Archive for August, 2010

Better late than never?

Following my recent crash it crossed my mind that I should, maybe, buy a crash hat. A couple of days ago I watched the YouTube video of Jens Voight’s stack up in the 2009 TDF when he smacked his head and face into the tarmac. This convinced me that I should splash out and it was my good fortune that yesterday Lidl were selling helmets.

Nine quid the poorer I am now the proudĀ  owner of the helmet shown and would you believe it has a LED light fixed to the back. Well not exactly fixed, I suspect that the first time I ride over a bump the light will fall off but at that price I’m not complaining. Of course I will need to have another crash to discover if buying Lidl’s finest was a false economy but I can live (hopefully) with that.

pretty smart eh?

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Christophe’s broken forks

A reconstruction in 1951 of the drama of 1913

Everybody with more than a passing interest in bike racing will know the story of Eugene Christophe’s broken forks on the descent of the Tourmalet in the 1913 Tour. He carried his broken bike eight kilometres to the village of Sainte Marie de Campan where he was directed to a blacksmith’s shop and with the assistance of a seven year old boy carried out a repair and was back on the road having lost four hours. He arrived in Luchon in last place with all hope gone of winning the Tour.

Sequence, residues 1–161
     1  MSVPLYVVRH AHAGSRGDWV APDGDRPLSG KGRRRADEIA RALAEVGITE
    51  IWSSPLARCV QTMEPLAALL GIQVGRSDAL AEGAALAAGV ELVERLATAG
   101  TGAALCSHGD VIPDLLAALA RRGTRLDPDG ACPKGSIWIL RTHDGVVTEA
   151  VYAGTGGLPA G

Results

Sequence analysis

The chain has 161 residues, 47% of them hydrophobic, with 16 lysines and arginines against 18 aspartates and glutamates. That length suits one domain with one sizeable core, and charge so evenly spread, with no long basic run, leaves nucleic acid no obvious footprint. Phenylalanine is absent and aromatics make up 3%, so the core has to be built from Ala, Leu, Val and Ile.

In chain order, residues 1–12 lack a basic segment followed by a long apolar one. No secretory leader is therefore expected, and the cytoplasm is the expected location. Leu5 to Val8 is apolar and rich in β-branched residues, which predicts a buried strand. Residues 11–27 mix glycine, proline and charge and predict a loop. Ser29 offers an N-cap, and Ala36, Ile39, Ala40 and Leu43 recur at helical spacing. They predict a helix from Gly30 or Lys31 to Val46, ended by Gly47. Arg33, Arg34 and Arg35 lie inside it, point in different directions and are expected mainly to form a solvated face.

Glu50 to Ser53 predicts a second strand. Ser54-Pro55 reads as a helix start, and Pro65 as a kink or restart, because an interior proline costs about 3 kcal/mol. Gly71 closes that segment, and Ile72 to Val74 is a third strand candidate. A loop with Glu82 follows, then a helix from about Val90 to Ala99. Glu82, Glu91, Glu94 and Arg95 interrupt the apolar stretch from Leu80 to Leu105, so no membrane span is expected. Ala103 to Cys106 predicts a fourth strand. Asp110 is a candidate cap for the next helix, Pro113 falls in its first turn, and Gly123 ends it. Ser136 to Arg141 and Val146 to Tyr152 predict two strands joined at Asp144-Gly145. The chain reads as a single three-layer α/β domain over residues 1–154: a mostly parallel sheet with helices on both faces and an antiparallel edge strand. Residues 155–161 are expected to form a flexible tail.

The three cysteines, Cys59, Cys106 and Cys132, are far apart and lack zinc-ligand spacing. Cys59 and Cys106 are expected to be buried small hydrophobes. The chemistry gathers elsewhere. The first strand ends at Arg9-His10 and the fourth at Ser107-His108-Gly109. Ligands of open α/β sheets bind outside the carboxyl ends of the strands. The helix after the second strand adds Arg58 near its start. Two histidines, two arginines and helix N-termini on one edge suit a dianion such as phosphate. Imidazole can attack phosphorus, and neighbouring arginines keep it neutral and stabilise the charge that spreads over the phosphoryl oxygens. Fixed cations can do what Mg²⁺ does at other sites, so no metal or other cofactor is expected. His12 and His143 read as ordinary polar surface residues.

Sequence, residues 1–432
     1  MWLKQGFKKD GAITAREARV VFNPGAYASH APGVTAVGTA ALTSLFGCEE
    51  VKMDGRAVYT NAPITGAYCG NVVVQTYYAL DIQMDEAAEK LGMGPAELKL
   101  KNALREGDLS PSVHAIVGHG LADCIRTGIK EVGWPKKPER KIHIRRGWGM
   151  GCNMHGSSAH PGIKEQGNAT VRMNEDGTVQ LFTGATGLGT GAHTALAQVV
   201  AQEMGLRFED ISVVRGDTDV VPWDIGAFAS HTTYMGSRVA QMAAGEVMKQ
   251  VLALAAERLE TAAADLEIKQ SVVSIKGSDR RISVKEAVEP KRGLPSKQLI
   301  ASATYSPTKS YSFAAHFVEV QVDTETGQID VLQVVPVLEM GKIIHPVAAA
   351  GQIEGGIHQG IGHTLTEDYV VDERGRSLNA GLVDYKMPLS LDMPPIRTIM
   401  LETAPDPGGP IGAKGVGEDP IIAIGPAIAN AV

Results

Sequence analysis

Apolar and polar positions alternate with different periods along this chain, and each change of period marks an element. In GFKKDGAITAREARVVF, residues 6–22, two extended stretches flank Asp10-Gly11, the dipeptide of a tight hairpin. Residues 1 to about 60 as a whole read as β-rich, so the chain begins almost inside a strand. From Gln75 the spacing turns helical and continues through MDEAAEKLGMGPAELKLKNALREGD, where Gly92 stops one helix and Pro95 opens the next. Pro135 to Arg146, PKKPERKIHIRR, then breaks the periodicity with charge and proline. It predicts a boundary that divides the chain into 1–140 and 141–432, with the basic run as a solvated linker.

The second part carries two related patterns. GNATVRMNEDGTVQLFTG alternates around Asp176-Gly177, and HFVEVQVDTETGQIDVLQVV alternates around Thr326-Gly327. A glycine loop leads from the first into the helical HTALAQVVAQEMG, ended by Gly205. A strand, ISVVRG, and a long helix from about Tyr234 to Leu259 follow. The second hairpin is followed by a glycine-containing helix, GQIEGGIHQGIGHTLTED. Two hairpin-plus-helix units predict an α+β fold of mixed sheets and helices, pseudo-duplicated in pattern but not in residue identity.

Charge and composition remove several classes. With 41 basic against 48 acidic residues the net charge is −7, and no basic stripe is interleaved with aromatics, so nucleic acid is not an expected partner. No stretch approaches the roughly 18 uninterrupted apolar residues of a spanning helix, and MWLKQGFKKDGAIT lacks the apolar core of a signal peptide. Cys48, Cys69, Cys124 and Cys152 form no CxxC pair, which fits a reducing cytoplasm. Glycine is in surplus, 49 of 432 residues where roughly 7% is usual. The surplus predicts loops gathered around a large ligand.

The old warrior was back for the start in 1919 and after three stages he was race leader and for the start of stage 11 he was awarded a yellow jersey following complaints from journalists that they could not pick out the race leader. As there were, at this stage, only eleven men surviving it would hardly seem to be the trickiest task.

By the penultimate stage of 468km from Metz to Dunkerque the future toe-clip maker had a lead of 28 minutes and victory looked certain. But can you imagine the state of the roads in northern France just eight months after the end of the Great War? They were too rough for Christophe’s forks and just outside Valenciennes they broke. This time he was in luck, sort of, as there was a workshop just one km up the road. He replaced the broken blades and was back in the saddle in just over an hour. Again he was last on the stage and again he had lost his yellow jersey and the Tour.

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Ross Wheelers

I was taking a bus ride in Bournemouth when I noticed that the guy sitting next to me had the book In search of Robert Millar in his bag. We got talking and he said that as a young man he lived in Northolt and was a member of the Ross Wheelers.

I said that as a young cyclist in the late fifties I had read, in Cycling & Mopeds, of a good tester John Finch who was a member of the Ross Wheelers. My new acquaintance said he was his older brother! Remarkably despite being able to recall something I read over fifty years ago I can’t remember my fellow passenger’s christian name but it may have been David!

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